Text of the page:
Understanding the general idea behind how vaccines work is important for everyone to know. Though the process is very complicated, I want to explain some important concepts that I hope will help you appreciate the science and necessity of vaccines.
Vaccines work by mimicking the diseases against which they are designed to protect, without actually causing the symptoms of the disease. When the body detects a foreign invader (e.g., virus, bacteria), it recruits an army of defense mechanisms designed to combat the threat. The first time you are exposed to a particular threat, however, your body will usually exhibit symptoms of the disease while it takes the time to assemble that army. A vaccine consists of a small part of the virus or bacteria that stimulates this immune response without actually being able to cause the disease. With this sort of “practice run” under its belt, if and when the body is exposed to the real disease in the future, it already has its army in place and ready for battle.
Everybody has essentially the same defense system, but it may work in different ways for different people. For some, that army will assemble rapidly and leap into action at the first exposure, leading to quick, effective protection against disease. Others may not assemble their armies as quickly or as effectively, leading to sub-par immune protection. When we give a vaccine, we typically don’t know how effectively the body will respond, but for most healthy people, there is a good chance that the response will be sufficient to provide protection.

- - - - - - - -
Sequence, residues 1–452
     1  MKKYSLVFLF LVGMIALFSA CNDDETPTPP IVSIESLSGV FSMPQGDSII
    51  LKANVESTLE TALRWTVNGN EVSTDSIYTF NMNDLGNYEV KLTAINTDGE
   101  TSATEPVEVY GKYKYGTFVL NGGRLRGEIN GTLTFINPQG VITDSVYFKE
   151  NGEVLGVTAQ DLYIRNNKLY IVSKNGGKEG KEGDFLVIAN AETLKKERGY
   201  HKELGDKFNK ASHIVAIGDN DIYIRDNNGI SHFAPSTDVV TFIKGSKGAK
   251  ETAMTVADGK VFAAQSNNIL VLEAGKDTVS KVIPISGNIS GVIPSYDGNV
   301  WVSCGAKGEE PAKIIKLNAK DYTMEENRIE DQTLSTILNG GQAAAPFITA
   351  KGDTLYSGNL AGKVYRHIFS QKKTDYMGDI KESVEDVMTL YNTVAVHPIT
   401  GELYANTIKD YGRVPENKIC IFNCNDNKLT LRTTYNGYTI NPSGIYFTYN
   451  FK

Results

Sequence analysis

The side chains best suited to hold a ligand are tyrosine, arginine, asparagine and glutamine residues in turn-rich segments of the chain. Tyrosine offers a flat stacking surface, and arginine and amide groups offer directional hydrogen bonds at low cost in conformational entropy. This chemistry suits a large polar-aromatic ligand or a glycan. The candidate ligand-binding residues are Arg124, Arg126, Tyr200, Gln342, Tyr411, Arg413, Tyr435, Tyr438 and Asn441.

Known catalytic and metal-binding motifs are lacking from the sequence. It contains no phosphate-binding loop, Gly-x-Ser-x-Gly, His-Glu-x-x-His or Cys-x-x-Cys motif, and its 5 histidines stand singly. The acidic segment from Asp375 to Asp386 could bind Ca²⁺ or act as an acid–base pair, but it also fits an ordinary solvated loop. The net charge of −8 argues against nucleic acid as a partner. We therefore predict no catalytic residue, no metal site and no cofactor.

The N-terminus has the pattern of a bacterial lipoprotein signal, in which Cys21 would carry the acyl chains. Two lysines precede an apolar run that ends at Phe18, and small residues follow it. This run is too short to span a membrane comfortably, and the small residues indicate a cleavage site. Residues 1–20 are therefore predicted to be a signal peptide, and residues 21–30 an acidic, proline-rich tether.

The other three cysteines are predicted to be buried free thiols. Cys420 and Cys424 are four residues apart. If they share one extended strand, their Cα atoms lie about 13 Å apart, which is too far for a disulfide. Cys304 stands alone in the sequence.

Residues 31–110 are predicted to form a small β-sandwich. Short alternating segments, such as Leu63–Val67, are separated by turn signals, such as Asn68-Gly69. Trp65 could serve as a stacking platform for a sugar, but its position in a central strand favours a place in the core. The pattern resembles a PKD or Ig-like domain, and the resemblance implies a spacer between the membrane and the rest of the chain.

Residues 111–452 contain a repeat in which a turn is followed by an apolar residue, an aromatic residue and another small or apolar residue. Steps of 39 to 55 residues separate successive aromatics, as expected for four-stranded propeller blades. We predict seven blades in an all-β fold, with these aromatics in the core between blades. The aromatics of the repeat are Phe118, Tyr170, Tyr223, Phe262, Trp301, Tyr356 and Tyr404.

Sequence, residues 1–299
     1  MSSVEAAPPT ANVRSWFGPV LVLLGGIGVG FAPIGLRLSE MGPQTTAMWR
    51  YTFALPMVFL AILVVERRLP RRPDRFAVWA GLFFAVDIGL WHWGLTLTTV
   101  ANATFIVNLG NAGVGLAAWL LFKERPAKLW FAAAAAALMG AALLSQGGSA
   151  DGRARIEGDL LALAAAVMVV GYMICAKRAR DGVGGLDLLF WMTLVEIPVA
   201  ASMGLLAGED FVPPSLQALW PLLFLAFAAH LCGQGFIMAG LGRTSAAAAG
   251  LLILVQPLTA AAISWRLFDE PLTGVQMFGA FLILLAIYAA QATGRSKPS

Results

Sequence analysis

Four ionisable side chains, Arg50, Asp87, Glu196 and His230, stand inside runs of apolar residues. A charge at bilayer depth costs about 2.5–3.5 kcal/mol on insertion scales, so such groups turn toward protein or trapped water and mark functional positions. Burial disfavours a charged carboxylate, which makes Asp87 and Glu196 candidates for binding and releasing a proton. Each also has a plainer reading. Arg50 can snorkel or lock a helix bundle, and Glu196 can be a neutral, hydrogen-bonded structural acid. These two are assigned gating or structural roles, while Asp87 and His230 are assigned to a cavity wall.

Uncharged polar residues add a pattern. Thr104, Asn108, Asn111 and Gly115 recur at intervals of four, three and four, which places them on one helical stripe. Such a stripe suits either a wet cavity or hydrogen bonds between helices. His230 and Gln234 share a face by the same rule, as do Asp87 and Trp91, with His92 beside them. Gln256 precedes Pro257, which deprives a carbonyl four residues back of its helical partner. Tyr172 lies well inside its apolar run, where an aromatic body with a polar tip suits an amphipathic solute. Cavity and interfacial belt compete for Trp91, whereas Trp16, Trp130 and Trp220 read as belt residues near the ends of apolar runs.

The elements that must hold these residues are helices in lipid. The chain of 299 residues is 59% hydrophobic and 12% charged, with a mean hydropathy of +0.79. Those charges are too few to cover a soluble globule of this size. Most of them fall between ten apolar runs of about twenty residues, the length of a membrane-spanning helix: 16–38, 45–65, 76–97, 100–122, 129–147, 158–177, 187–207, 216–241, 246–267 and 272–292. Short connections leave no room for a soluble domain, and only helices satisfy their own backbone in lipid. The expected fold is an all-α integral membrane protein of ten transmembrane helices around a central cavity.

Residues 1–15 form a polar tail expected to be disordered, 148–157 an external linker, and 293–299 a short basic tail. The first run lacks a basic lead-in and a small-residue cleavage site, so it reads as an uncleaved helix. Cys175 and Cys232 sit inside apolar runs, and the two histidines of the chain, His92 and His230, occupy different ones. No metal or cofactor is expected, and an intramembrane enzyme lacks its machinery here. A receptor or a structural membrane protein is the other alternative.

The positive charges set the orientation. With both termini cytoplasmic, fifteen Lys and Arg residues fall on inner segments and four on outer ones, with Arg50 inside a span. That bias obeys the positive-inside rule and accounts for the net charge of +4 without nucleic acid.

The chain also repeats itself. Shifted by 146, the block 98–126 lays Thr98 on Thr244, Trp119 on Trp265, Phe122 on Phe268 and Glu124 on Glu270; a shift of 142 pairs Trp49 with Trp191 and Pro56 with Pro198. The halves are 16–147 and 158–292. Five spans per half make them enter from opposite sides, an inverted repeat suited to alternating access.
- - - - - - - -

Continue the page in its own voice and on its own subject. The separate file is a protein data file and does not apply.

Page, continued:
Because we usually don’t know who will fully respond and who won’t, we rely on those around us to be fully vaccinated for protection. This concept is commonly known as “herd immunity.” The vaccinated members of the “herd” who have responded well to the vaccine are not sickened by and do not transmit the disease, thereby protecting the other members of that “herd” who may not be fully protected. This may also be referred to as “community immunity.” Whatever you call it, vaccines rely on all of us working together to provide maximum protection.
Herd immunity is especially important for people who are unable to get vaccinated due to certain conditions (e.g., young babies, people with weakened immune systems). If that unvaccinated person is surrounded by people who have been vaccinated, the protection that confers is almost as good as that person being vaccinated himself. This special type of herd immunity is often referred to as “cocooning,” since you are protecting them from the disease by surrounding them with a “cocoon” of vaccinated people.
Pretty impressive, right? Vaccines are one of the greatest advances in global public health over the last couple centuries. But this protection won’t continue if people do not get vaccinated because they are worried about the safety of vaccines. We will visit this topic next in our blog series on vaccines.